1
vote
0answers
28 views

Compactification and off-diagonal terms of the metric tensor

In standard 3+1 dimensional spacetime, the metric tensor is of order 4 and had ten independent coefficients, hence there are 6 terms off the diagonal in the corresponding $4\times 4$ real symmetric ...
1
vote
2answers
38 views

Is any one compact dimension for one particle the same as for another particle?

In the 3+1 dimensions of everyday life and GR particles can share the same extended dimensions. Probably all particles share the same 3+1 dimensions. In string theory compact dimensions seem to be ...
6
votes
3answers
78 views

Is there any intuitive interpretation of compactification?

Obviously the question's title has an unspecified subtext: intuitive to me. Some background to pitch the discussion appropriately: I have a broad understanding, more qualitative than quantitative, of ...
2
votes
1answer
86 views

Where do our 4 macroscopic spacetime dimensions reside in multidimensional models of the universe?

In models such as M-theory with 7 'higher dimensions' plus the 4 macroscopic spacetime dimensions, where do our 4 macroscopic spacetime dimensions reside ordinally? My reason for asking is TV shows ...
4
votes
1answer
121 views

Kaluza Klein theories, dilation field, and dimensional reduction

I am reading something about Kaluza Klein theories and compactification. I have some conceptual question: (1) Why do we call the fifth scalar field $\Phi$ the dilation field? Is there any scaling ...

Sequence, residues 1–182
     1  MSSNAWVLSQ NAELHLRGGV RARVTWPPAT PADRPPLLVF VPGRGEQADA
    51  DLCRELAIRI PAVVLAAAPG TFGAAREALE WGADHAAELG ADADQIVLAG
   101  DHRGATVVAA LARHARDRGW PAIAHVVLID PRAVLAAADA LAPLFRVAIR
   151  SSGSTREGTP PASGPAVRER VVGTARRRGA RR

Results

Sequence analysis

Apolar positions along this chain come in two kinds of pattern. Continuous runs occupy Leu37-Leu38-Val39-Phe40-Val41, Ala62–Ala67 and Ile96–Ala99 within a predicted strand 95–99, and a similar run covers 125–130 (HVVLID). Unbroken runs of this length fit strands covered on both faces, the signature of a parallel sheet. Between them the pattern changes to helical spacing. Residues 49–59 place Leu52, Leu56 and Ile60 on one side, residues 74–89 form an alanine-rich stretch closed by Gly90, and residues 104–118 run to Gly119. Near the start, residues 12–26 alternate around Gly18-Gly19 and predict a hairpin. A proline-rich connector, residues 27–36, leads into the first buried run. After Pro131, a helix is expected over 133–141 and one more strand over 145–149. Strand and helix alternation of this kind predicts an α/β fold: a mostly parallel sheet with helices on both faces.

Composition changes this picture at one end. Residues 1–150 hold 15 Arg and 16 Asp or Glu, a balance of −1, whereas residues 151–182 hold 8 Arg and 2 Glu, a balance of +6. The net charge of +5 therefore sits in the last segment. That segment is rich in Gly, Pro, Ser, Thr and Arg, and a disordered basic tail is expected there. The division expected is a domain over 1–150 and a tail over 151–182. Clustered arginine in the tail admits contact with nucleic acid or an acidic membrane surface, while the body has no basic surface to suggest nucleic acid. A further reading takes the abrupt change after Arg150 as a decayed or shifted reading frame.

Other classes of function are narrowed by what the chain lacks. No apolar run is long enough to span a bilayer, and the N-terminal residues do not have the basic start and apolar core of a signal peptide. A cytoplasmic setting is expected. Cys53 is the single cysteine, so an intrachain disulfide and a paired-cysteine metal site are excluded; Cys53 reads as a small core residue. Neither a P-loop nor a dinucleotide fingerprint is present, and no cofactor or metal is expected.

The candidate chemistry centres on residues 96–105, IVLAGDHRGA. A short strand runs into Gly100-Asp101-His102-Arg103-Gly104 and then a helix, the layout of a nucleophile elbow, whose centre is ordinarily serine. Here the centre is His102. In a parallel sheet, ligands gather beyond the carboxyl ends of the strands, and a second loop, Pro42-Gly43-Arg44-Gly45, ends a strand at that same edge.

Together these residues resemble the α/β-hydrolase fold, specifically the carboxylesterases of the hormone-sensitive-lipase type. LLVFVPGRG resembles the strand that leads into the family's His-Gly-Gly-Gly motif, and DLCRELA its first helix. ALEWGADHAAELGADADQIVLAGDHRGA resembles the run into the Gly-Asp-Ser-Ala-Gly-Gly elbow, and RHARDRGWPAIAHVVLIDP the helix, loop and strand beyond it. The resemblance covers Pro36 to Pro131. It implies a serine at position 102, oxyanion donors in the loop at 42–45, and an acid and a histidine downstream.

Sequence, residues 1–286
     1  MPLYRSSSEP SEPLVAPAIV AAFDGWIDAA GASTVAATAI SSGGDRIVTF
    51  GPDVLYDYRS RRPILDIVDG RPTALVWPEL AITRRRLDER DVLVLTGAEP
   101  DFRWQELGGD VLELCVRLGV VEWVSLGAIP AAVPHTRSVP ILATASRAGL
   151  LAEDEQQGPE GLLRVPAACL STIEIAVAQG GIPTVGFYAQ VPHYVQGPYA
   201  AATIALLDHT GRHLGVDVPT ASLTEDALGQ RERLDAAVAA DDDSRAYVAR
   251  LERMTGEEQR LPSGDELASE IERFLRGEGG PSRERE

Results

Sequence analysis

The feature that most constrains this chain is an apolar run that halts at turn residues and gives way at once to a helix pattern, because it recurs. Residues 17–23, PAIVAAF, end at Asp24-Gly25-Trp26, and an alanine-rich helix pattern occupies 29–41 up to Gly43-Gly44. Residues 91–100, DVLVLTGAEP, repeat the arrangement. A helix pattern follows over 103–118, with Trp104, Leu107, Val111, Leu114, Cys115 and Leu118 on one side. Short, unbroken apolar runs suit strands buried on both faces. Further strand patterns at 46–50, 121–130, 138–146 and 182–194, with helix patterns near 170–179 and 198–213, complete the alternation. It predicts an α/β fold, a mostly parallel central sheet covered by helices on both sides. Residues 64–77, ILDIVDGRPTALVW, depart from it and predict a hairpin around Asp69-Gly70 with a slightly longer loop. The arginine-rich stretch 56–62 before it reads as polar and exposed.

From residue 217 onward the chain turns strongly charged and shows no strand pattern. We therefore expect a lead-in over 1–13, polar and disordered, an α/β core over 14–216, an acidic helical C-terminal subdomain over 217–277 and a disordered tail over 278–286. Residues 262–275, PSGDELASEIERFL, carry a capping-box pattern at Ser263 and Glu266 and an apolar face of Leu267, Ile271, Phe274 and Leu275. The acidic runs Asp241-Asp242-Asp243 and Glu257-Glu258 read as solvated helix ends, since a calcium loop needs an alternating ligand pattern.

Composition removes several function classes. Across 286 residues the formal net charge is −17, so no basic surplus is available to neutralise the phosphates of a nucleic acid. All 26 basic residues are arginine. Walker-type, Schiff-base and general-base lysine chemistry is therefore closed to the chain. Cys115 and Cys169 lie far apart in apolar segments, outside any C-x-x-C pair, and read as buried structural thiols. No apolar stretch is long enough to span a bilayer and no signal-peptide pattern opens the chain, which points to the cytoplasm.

4
votes
3answers
208 views

What Does it Mean for an Extra Dimension to Have Size?

Recently I watched this presentation by Brian Greene on string theory. In it he describes how the reason we don't observe the extra dimensions required by string theory could be because they are very ...
8
votes
1answer
435 views

Gravitational constant in higher dimensions?

From Newton's law of gravitation we know that $$F=G\frac{m_1m_2}{r^2}$$ where $G$ is gravitational constant. We can also see that it has dimensions $$[G]=\frac{[L]^3}{[M][T]^2}$$ and we have a ...
6
votes
2answers
481 views

Is there an intuitive way of thinking about the extra dimensions in M-Theory?

Why are 11 dimensions needed in M-Theory? The four I know (three spatial ones plus time) have an intuitive meaning in everyday life. How can I think of the other seven? What is their nature (spatial, ...
0
votes
0answers
52 views

Extra dimensions and the big bang [duplicate]